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Neuromuscular blocking agents

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Abstract

Many drugs used for induction or maintenance of anaesthesia provide a degree of skeletal muscle relaxation, but in general this is only mild to moderate at a surgical plane of anaesthesia. This chapter looks at different ways to achieve more profound muscle relaxation, neuromuscular blocking agents (NMBAs) and their mechanism, monitoring the neuromuscular junction, clinical assessment of recovery from neuromuscular blockade, monitoring adequacy of anaesthesia, individual agents, interactions with other drugs, and more.

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Figures

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16.1 Microanatomy of the neuromuscular junction. ACh = acetylcholine. Drawn by S.J. Elmhurst BA Hons (www.livingart.org.uk) and are printed with her permission.
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16.2 Summary of events leading to normal muscle contraction.
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16.3 (a) Peripheral nerve stimulator with needle electrodes. (b) Placement of needle electrodes over the ulnar nerve on the medial aspect of the elbow. (c) Stimulation of the peroneal nerve can be achieved by electrode placement over the lateral head of the fibula. (d) Needle electrodes placed over the dorsal buccal branch of the facial nerve.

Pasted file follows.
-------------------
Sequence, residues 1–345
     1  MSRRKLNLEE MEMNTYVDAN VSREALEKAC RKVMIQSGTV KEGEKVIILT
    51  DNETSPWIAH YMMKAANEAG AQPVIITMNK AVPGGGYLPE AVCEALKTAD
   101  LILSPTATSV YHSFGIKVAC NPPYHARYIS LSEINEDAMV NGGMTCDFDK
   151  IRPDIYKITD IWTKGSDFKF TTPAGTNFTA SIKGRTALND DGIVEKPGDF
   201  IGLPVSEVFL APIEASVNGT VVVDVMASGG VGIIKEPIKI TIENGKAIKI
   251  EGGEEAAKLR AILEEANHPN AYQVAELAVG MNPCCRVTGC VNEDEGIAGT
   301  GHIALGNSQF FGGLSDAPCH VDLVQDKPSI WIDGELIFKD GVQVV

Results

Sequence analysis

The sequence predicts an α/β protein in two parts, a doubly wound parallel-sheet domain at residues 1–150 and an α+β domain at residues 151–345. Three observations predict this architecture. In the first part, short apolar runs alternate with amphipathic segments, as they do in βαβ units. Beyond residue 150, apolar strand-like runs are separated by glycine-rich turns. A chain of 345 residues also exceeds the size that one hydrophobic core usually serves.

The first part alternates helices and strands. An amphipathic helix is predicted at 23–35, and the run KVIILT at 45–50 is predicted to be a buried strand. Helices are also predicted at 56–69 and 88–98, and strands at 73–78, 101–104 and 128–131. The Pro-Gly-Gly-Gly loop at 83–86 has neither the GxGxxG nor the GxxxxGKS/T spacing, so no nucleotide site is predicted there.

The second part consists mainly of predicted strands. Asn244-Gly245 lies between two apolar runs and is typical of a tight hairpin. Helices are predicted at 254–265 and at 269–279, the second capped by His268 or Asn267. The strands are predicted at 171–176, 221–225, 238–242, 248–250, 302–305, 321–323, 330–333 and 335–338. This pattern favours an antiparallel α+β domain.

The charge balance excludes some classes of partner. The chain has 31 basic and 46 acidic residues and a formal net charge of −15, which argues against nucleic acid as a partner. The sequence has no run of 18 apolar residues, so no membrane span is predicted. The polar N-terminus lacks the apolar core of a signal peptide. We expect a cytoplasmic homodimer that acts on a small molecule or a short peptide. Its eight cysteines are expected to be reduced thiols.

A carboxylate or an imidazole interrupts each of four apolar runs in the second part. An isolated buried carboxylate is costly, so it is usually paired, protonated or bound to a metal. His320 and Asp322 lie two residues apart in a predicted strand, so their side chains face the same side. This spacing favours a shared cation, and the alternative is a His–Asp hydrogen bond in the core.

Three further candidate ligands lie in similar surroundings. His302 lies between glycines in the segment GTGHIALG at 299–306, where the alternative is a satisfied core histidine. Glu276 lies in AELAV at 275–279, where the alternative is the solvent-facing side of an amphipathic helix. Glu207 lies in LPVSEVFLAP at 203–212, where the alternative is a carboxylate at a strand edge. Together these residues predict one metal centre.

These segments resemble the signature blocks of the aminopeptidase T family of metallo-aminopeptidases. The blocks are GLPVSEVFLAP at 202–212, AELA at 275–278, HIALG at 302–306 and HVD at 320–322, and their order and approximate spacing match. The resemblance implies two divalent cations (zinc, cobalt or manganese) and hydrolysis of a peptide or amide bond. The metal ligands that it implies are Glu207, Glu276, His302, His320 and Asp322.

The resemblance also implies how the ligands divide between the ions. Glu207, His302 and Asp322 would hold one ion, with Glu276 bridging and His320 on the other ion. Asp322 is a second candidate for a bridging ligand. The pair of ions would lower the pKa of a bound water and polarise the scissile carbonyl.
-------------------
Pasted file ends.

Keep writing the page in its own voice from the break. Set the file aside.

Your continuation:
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16.4 Train-of-four (TOF) stimulation pattern. (a) Normal animal, no neuromuscular blockade. All four twitches in the TOF are present and of equal strength. (b) Onset of non-depolarizing blockade. Fade is present in the TOF but all twitches are still perceptible. (c) Neuromuscular blockade is now more profound: the fourth twitch in the TOF (T) has disappeared and the remaining three twitches are weaker.
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16.5 Double-burst stimulation (DBS). Each burst comprises three stimuli at a frequency of 50 Hz with the second burst following 750 milliseconds after the first. In the absence of neuromuscular blockade, this produces two distinct muscle twitches.
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16.7 Acceleromyography using stimulation of the ulnar nerve, with the transducer attached to the palmar aspect of the metacarpus. Note that the leg is fixed in place using tape across the distal antebrachium: this is essential to ensure accuracy of the technique. In this case, the dog was recovering from rocuronium-induced neuromuscular blockade, and the acceleromyograph is displaying a TOF ratio of 90% (0.9), indicating that neuromuscular function has recovered sufficiently to allow endotracheal extubation.

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